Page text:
In an interview with CelloBello, cellist Marika Hughes accused Kronberg Academy director Raimund Trenkler of racism and “gross mistreatment” at the cello competition that bears her family name, the Feuermann Grand Prix in Germany.
Hughes is the granddaughter of Emanuel Feuermann and a woman of mixed race black and Jewish descent. In the interview, Hughes recounts the closing event of the inaugural Feuermann Grand Prix in 2002, when Trenkler demanded that she leave her seat in the front row and stand in the back of the hall, “to the horror and dismay of my family.”
Hughes’ mistreatment also prompted her grandmother, Eva Feuermann Lehnsen, to write a letter of complaint against Trenkler and his behavior.
Hughes also released an additional statement on Facebook explaining further mistreatment by Trenkler and diplomatically calling for a “long overdue” conversation about race in the classical music world.
“I will welcome the opportunity to one day sit down in person with Mr Trenkler and discuss the unkind ways in which he and his academy have treated me. I believe that this discussion could lead to a mature and important dialogue about race in classical music, long overdue.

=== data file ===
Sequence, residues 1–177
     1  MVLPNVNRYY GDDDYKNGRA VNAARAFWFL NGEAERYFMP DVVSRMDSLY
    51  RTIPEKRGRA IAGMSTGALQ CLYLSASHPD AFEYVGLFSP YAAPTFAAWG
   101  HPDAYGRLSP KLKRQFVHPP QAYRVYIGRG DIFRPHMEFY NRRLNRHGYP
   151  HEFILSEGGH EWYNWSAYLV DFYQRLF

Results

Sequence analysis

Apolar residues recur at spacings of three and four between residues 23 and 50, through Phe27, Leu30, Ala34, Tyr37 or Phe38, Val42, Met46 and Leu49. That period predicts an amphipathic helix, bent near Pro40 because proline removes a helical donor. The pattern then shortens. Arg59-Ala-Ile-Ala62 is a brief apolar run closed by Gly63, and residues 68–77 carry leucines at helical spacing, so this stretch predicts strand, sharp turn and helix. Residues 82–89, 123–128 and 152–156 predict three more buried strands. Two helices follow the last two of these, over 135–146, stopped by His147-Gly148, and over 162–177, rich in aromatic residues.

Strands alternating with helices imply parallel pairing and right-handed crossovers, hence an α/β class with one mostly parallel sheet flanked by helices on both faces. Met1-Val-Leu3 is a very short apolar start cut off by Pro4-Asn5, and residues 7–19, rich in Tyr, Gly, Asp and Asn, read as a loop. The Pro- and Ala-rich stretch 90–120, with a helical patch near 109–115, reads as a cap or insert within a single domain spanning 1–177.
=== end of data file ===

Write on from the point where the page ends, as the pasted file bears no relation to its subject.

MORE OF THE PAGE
Racism is real and pervasive and in every corner of the world.
No one is free from the colonial shadow we all live in.”
In response to Hughes’ interview and accusations, Trenkler released a short statement that said:
“I deeply regret to hear that Marika Hughes felt hurt in 2002. We were delighted about her accepting our invitations to the Grand Prix Emanuel Feuermann in 2006 and 2010 and to have her as our guest there representing the Feuermann family.
“I am sorry for not having invited Marika Hughes as a cellist for artistic reasons.
“Now I am stunned at the accusations she is putting forward against me. I certainly did not set up the Kronberg Academy to put any people above others. Just the opposite is the case: 24 young soloists from 16 nations are studying at the Kronberg Academy. We feel highly committed to the humanistic heritage of Pablo Casals, Mstislav Rostropovich and Emanuel Feuermann.”
It was partly Hughes’ heritage that prompted her to speak up (again—she also alluded to the mistreatment in a 2016 interview with The Jewish Week.) In the closing lines of her powerful Facebook post, she writes:
“I would be dishonoring the lives and legacies of my grandparents, Emanuel & Eva Feuermann and Claude & Maudelle Hughes as well as my parents, Marvin Hughes and Monica Feuermann Hughes, if I were to keep quiet any longer.”